See al  Papachristou v. City of Jacksonville, 405 U.S. 156 (1972); Cline v. Frink Dairy Co., 274 U.S. 445, 47 S. Ct. 681 (1927); Connally v. General Construction Co., 269 U.S. 385 (1926).

[Sewell v. Georgia, 435 U.S. 982 (1978)]


Karlan v. City of Cincinatti, 416 U.S. 924 (1974)

"These cases all involve convictions under ordinances and statutes which punish the mere utterance of words variously described as 'abusive,' 'vulgar,' 'insulting,' 'profane,' 'indecent,' 'boisterous,' and the like. 1 The provisions are challenged as being unconstitutionally vague and overbroad. The 'void for vagueness' doctrine is, of course, a due process concept implementing principles of fair warning and non-discriminatory enforcement. Vague laws may trap those who desire to be law-abiding by not providing fair notice of what is prohibited. Papachristou v. City of Jacksonville, 405 U.S. 156, 162 (1972); United States v. Harriss, 347 U.S. 612, 617 ( 1954). They also provide opportunity for arbitrary and discriminatory enforcement since those [416 U.S. 924 , 925]   who apply the laws have no clear and explicit standards to guide them. Coates v. Cincinnati, 402 U.S. 611, 614 ( 1971); Shuttlesworth v. Birmingham, 382 U.S. 87 , 90-91, 15 L. Ed.2d 176 (1965). Further, when a vague statute "abut[s] upon sensitive areas of First Amendment freedoms,' it 'operates to inhibit the exercise of [those] freedoms.' Uncertain meanings inevitably lead citizens to 'steer far wider of the unlawful zone . . . than if the boundaries of the forbidden areas were clearly marked." Grayned v. City of Rockford, 408 U.S. 104, 109 (1972), quoting Baggett v. Bullitt, 377 U.S. 360, 372 (1964), and Speiser v. Randall, 357 U.S. 513, 526 (1958)."

"Overbreadth, on the other hand, 'offends the constitutional principle that 'a governmental purpose to control or prevent activities constitutionally subject to state regulation may not be achieved by means which sweep unnecessarily broadly and thereby invade the area of protected freedoms." Zwickler v. Koota, 389 U.S. 241, 250 (1967), quoting NAACP v. Alabama, 377 U.S. 288, 307 (1964). A vague statute may be overbroad if its uncertain boundaries leave open the possibility of punishment for protected conduct and thus lead citizens to avoid such protected activity in order to steer clear of the uncertain proscriptions. Grayned v. City of Rockford supra, 408 U.S. at 109; Dombrowski v. Pfister, 380 U.S. 479, 486 (1965). A statute is also overbroad, however, if, even though it is clear and precise, it prohibits constitutionally protected conduct. Aptheker v. Secretary of State, 378 U.S. 500 , 508-509 (1964); Shelton v. Tucker, 364 U.S. 479, 488 (1960)."

[Karlan v. City of Cincinatti, 416 U.S. 924 (1974)]


House Report 781, 1919

"...It is almost impossible to arrive with certainty at just what the statutory law of the United States now is..."
[House Report 781, 1919]


Federalist Paper #62: James Madison

The internal effects of a mutable policy are still more calamitous. It poisons the blessing of liberty itself. It will be of little avail to the people, that the laws are made by men of their own choice, if the laws be so voluminous that they cannot be read, or so incoherent that they cannot be understood; if they be repealed or revised before they are promulgated, or undergo such incessant changes that no man, who knows what the law is to-day, can guess what it will be to-morrow. Law is defined to be a rule of action; but how can that be a rule, which is little known, and less fixed?

Another effect of public instability is the unreasonable advantage it gives to the sagacious, the enterprising, and the moneyed few over the industrious and uniformed mass of the people. Every new regulation concerning commerce or revenue, or in any way affecting the value of the different species of property, presents a new harvest to those who watch the change, and can trace its consequences; a harvest, reared not by themselves, but by the toils and cares of the great body of their fellow-citizens. This is a state of things in which it may be said with some truth that laws are made for the FEW, not for the MANY.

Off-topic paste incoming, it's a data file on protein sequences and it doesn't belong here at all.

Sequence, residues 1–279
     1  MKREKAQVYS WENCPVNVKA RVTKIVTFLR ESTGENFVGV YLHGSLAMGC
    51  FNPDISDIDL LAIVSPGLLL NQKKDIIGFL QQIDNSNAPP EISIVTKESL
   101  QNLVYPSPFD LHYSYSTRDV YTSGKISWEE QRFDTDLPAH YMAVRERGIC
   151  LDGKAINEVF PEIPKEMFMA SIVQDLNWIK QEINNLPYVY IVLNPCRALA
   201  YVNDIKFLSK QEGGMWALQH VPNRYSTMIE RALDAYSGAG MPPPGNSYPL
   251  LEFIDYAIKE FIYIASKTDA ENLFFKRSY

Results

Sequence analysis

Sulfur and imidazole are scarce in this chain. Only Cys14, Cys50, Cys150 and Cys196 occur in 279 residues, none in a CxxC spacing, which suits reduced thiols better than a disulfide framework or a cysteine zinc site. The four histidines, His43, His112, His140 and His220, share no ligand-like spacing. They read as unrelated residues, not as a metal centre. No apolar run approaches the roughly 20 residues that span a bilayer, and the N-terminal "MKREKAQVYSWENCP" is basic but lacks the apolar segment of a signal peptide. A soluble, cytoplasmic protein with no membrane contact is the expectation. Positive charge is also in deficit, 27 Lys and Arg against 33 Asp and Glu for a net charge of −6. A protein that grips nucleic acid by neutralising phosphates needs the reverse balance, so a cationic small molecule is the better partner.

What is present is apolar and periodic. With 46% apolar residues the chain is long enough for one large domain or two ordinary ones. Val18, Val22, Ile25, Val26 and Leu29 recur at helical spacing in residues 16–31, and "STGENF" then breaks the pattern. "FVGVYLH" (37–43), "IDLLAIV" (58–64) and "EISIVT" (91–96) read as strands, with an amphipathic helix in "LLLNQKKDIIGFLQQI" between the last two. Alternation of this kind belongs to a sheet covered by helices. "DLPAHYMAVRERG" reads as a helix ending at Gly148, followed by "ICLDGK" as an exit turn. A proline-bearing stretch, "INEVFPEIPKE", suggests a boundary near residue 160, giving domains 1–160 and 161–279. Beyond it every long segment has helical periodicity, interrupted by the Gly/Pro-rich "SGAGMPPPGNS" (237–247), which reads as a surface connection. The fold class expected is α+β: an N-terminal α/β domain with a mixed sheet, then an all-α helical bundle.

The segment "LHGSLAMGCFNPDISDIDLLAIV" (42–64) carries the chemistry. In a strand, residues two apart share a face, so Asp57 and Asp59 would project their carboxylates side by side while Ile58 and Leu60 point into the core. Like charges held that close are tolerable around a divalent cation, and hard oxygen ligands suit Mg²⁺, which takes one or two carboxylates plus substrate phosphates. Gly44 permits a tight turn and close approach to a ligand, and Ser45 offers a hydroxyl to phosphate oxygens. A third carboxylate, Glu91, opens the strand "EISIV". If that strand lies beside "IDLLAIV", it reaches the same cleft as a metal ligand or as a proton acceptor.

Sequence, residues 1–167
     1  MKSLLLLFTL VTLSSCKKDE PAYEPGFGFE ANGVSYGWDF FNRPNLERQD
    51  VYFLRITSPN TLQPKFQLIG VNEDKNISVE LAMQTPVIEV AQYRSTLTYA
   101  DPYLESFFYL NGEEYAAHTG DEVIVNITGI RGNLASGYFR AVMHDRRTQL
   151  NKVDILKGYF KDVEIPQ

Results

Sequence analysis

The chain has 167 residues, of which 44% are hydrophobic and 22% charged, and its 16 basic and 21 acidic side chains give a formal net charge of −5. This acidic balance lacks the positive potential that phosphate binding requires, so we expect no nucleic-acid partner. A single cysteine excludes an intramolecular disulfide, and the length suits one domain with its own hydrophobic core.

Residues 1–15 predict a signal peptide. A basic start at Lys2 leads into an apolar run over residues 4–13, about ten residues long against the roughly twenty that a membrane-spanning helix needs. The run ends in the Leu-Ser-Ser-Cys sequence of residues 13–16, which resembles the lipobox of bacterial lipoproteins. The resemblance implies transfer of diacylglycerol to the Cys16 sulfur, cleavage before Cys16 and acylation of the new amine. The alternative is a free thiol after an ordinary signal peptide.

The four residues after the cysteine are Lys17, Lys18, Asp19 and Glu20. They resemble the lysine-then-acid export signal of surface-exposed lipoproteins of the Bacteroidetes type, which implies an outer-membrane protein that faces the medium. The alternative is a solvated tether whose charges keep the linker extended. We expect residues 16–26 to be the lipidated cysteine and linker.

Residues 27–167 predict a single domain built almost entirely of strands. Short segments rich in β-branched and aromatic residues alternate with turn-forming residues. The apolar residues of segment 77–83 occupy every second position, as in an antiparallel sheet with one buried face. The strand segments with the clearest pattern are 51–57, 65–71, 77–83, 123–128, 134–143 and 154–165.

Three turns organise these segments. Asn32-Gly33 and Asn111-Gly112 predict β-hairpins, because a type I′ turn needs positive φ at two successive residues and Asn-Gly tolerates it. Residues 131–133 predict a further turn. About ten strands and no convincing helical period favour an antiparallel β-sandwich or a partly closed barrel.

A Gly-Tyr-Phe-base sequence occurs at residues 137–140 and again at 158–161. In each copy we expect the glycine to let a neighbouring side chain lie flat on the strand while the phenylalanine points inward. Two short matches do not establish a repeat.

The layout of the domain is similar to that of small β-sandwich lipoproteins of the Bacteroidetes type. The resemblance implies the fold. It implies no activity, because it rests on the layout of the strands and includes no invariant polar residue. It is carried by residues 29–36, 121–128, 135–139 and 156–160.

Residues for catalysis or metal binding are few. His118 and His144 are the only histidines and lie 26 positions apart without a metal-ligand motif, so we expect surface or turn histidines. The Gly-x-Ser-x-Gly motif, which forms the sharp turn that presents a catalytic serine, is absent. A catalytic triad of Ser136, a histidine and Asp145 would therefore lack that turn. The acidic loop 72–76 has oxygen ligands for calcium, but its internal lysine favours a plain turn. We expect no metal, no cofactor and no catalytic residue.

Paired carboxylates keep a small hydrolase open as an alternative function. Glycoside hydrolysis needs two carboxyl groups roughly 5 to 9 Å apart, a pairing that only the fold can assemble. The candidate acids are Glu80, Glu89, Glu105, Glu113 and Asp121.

In another point of view, great injury results from an unstable government. The want of confidence in the public councils damps every useful undertaking, the success and profit of which may depend on a continuance of existing arrangements. What prudent merchant will hazard his fortunes in any new branch of commerce when he knows not but that his plans may be rendered unlawful before they can be executed? What farmer or manufacturer will lay himself out for the encouragement given to any particular cultivation or establishment, when he can have no assurance that his preparatory labors and advances will not render him a victim to an inconstant government? In a word, no great improvement or laudable enterprise can go forward which requires the auspices of a steady system of national policy.

But the most deplorable effect of all is that diminution of attachment and reverence which steals into the hearts of the people, towards a political system which betrays so many marks of infirmity, and disappoints so many of their flattering hopes. No government, any more than an individual, will long be respected without being truly respectable; nor be truly respectable, without possessing a certain portion of order and stability.

[Federalist Paper #62: James Madison]


City of Mesquite v. Alladin's Castle, Inc., 455 U.S. 283 (1982):

" Grayned v. City of Rockford, 408 U.S. 104, 108 (emphasis [455 U.S. 283, 290]   added) *fn12...

[ Footnote 12 ] The Court of Appeals summarized the relevant authorities as follows: "A law is void for vagueness if persons `of common intelligence must necessarily guess at its meaning and differ as to its application . . . .' Smith v. Goguen, 415 U.S. 566, 572 n. 8, quoting Connally v. General Construction Co., 269 U.S. 385, 391 . See generally Note, The Void-for-Vagueness Doctrine in the Supreme Court, 109 U. Pa. L. Rev. 67 (1960). The offense to due process lies in both the nature and consequences of vagueness. First, vague laws do not give individuals fair notice of the conduct proscribed. Papachristou v. City of Jacksonville, 405 U.S. 156, 162 . Accord Grayned v. City of Rockford, 408 U.S. 104, 108 & n. 3. Second, vague laws do not limit the exercise of discretion by law enforcement officials; thus they engender the possibility of arbitrary and discriminatory enforcement. Grayned v. City of Rockford, 408 U.S. at 108-09 & n. 4; Papachristou v. City of Jacksonville, 405 U.S. at 168-70. Third, vague laws defeat the intrinsic promise of, and frustrate the essence of, a constitutional regime. We remain `a government of laws, and not of men,' Marbury v. Madison, 5 U.S. (1 Cranch.) 137, 163, only so long as our laws remain clear." 630 F.2d, at 1037 (citations abbreviated)."

[City of Mesquite v. Alladin's Castle, Inc., 455 U.S. 283 (1982)]